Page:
Ecuador’s Sebastian Cordero to preem ‘Sin Muertos no hay Carnaval’
World-class festival winners are bowing at the 14th Morelia Int’l Film Festival, including Damian Chazelle’s Oscar-buzzworthy “La La Land,” Nate Parker’s controversial Sundance hit “Birth of a Nation,” Ken Loach’s Cannes Palme d’Or winner “I, Daniel Blake” and Berlinale Golden Bear prizewinner “Fire at Sea” by Gianfranco Rosi.
The 10-day fest opens Oct. 21 with Pablo Larrain’s latest opus, “Neruda,” which reps Chile at the Foreign-Language Oscar race, and stars Gael Garcia Bernal who will present the pic. Guests of honor this year include Willem Dafoe, Giada Colagrande and Audrey Tautou. Rising Venezuelan star Edgar Ramirez will be presenting two high-profile pics he stars in, “The Girl on the Train” and “Hands of Stone.”
But Morelia remains an important barometer of the latest in Mexican cinema. Mexican thesp Demian Bichir, Oscar-nommed for his lauded perf in 2011 drama “A Better Life,” is staging the world premiere of his directorial debut “Un Cuento de Circo & a Love Song” (formerly titled “Refugio”). Produced by AG Studios’ Itaca Films, “Un Cuento de Circo…” turns on a young man called Refugio who was born in a circus and journeys from Mexico to New Orleans in search for his lost love. Its cast is led by Bichir, his co-star in FX’s “The Bridge” Diane Kruger, Jason Patric and Eva Longoria.
Meanwhile, Ecuador’s most-renowned helmer Sebastian Cordero (“Europa”) has also chosen Morelia for the Mexican debut of his latest pic, “Sin Muertos no hay Carnaval,” a co-production between his shingle with producing partner Arturo Yepes, Carnaval Cine, Mexico’s Salamandra Prods. and Germany’s Atkis Film Prod. The thriller, which bowed in Ecuador on Sept. 2, is set against the real conflict in Guayaquil’s Monte Sinai shantytown between the squatter families, who claim they bought their land legally, and the authorities.
Both much-anticipated pics, while not in competition, lead a showcase of strong titles in Morelia’s local feature film, docs, and shorts categories. Clear evidence of the production boom in Mexico is some 800 submissions to Morelia this year. “Submissions are up by 10% every year,” said festival director Daniela Michel.
Morelia’s official features competition includes Amat Escalante’s supernatural pic, “The Untamed,” which is a departure from the themes of his reality-based pics (“Heli,” “Los Bastardos”). “It’s good for a filmmaker to reinvent himself,” said Michel.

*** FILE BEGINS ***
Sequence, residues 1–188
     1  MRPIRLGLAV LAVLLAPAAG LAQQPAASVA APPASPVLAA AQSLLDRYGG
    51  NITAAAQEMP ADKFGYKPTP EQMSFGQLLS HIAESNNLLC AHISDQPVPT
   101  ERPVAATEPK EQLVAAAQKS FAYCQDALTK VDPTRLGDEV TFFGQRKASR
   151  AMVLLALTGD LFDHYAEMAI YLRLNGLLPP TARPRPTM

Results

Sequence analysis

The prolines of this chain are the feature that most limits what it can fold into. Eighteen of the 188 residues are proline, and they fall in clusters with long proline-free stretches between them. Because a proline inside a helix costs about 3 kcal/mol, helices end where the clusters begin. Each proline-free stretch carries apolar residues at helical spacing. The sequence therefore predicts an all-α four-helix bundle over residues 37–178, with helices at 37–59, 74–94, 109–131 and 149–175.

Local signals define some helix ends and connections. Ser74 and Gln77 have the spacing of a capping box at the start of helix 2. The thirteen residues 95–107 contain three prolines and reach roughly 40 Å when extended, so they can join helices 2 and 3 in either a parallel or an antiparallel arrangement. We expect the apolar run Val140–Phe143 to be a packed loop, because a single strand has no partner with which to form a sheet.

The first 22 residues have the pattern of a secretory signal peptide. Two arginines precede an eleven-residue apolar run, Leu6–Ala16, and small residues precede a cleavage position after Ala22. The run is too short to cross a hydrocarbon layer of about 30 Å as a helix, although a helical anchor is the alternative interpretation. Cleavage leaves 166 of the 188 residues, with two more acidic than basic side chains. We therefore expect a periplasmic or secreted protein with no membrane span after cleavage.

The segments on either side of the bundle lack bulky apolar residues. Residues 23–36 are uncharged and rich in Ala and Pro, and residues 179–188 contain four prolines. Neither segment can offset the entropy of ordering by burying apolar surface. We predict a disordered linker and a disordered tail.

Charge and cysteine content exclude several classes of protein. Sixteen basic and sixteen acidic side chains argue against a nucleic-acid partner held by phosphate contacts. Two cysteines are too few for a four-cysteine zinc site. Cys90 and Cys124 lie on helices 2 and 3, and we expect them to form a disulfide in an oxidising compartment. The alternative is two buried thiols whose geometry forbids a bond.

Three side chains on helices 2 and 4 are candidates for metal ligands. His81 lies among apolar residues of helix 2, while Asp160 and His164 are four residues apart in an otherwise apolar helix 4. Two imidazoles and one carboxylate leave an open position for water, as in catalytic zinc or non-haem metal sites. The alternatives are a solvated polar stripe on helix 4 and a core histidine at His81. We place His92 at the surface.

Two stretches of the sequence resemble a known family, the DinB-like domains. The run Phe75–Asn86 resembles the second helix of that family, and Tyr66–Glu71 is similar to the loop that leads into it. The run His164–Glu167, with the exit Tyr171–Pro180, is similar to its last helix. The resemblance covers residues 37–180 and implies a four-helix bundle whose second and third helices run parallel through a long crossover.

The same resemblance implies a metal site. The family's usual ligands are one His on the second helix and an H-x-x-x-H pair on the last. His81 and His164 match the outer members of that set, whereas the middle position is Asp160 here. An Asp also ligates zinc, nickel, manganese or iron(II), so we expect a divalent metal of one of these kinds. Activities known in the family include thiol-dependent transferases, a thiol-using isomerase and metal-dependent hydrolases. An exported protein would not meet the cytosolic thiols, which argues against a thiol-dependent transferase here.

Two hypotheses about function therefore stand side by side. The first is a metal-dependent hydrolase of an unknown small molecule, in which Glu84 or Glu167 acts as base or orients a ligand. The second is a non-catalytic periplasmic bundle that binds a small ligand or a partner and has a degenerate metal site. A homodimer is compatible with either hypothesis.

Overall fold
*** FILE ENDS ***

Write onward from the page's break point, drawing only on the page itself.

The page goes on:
Also eagerly anticipated is Claudia Sainte-Luce’s “The Empty Box” whose debut feature “The Amazing Catfish” wowed critics and auds alike in 2013. Again somewhat based on a personal experience, “The Empty Box” centers on how an ailing father, who is in the process of losing his memory, forms a stronger bond with his daughter.
Among the 15 pics in competition are “Todo lo demas,” the feature debut of docu filmmaker Natalia Almada, acclaimed for her stirring docu about a sprawling graveyard favored by Mexico’s slain drug lords, “El Velador” (“The Night Watchman”).
Daniel Castro Zimbron (“Tau”) delivers his second pic “Las Tinieblas” (“The Darkness”) to vie for the big prize. The fantasy psychological thriller, which participated in the Guadalajara Ibero-American co-prod meeting and Cannes Cinefondation workshop in 2014, pivots on a father and his three children who seek shelter in a cabin in a menacing forest.
Also emblematic of the expanding genre auteur tradition in Mexico is Emiliano Rocha Minter’s dystopian horror-fantasy “Tenemos la carne,” sanctioned no less by Alfonso Cuaron, Alejandro Gonzalez Inarritu and Carlos Reygadas, a co-producer. Set in a post-apocalyptic Mexico, the pic tracks a pair of siblings who, while wandering in search for food and shelter, meet a man who offers to help them survive, then encourages them to indulge their basic instincts.